Firefighters contain fire near Cortez

Fire crews got the upper hand on a wildfire northeast of Cortez over the weekend. The Cash Fire was human caused and accidental and started burning near Totem Lake. The fire burned through dead and live piñon and juniper trees and reached 170 acres in size.

At one point, the fire exhibited extreme, erratic behavior and threatened homes and interstate power transmission lines. Residents were temporarily evacuated, and two outbuildings were lost before firefighters got the upper hand thanks partly to fuels treatment projects completed west of the fire in 2002. Incident Commander Kevin Joseph explained that the fire took a turn when it hit the thinned areas. “The crowning fire dropped to the ground when it hit the treated area,” he said.

The significant slowing of the fire allowed crews easier access, enabling them to get a line around that side and reducing the threat to structures. When the fire was contained early last Saturday evening, it had burned roughly 70 acres of private lands and 100 acres of BLM lands.

Wreckage removed from wilderness

The wreckage of a helicopter has been removed from just inside the Weminuche Wilderness. In mid-June, a New Air Helicopter crashed half a mile inside the wilderness boundary in the Mountain View Crest area. There were no injuries, and the wreckage removal was done in about three hours last Tuesday.

Heliqwest, of Alberta, Canada, conducted the recovery work, using a high-elevation helicopter to lift the wreckage out via a sling. The recovery effort did not violate the wilderness area’s prohibition on machinery as the helicopter did not need to land. A New Air helicopter dropped a ground crew into the remote location and airlifted the crew out after the wreckage was removed.

The private parties were responsible for the expense of the recovery and cleanup, and the Forest Service was responsible for determining the appropriate removal activity. The operation had been approved as an Emergency Removal Action by the forest supervisor, as authorized by the Comprehensive Environmental Response, Compensation and Liability Act (CERCLA) and the National Contingency Plan.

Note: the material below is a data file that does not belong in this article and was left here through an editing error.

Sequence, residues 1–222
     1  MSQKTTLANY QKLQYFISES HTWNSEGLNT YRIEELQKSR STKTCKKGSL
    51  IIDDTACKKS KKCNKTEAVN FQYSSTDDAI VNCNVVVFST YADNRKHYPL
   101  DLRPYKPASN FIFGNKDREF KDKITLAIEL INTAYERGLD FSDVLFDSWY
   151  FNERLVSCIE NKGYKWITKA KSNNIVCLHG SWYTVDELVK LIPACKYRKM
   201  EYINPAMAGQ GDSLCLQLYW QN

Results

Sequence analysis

DMR puts out call for Benefit Day

Durango Mountain Resort is trying to give away money. Believe it or not, it’s less than 75 days until the ski area opens with a Benefit Day on Nov. 24. Each year, the resort offers $10 lift tickets for the first day of the season, and all proceeds go to a local nonprofit organization. DMR is currently seeking that local nonprofit.

Last year, the Durango Discovery Museum used the funds from Benefit Day for development at the 1893 Durango Power Plant, the museum’s new location. The day earned more than $20,000 for the new museum. Previous recipients include the Southwest Safehouse, the Durango Arts Center and the San Juan Mountains Association. Since 1994, Durango Mountain Resort has donated more than $200,000 to local nonprofits through Benefit Day.

The only criteria is that the 2005 beneficiary be a registered nonprofit. However, applicants should include a general description of the organization, what service the group provides the area and how funds would be used. Applications will be accepted through Sept. 16 and should be sent to Annie Simonson, Durango Mountain Resort, #1 Skier Place, Durango, 81301.

– compiled by Will Sands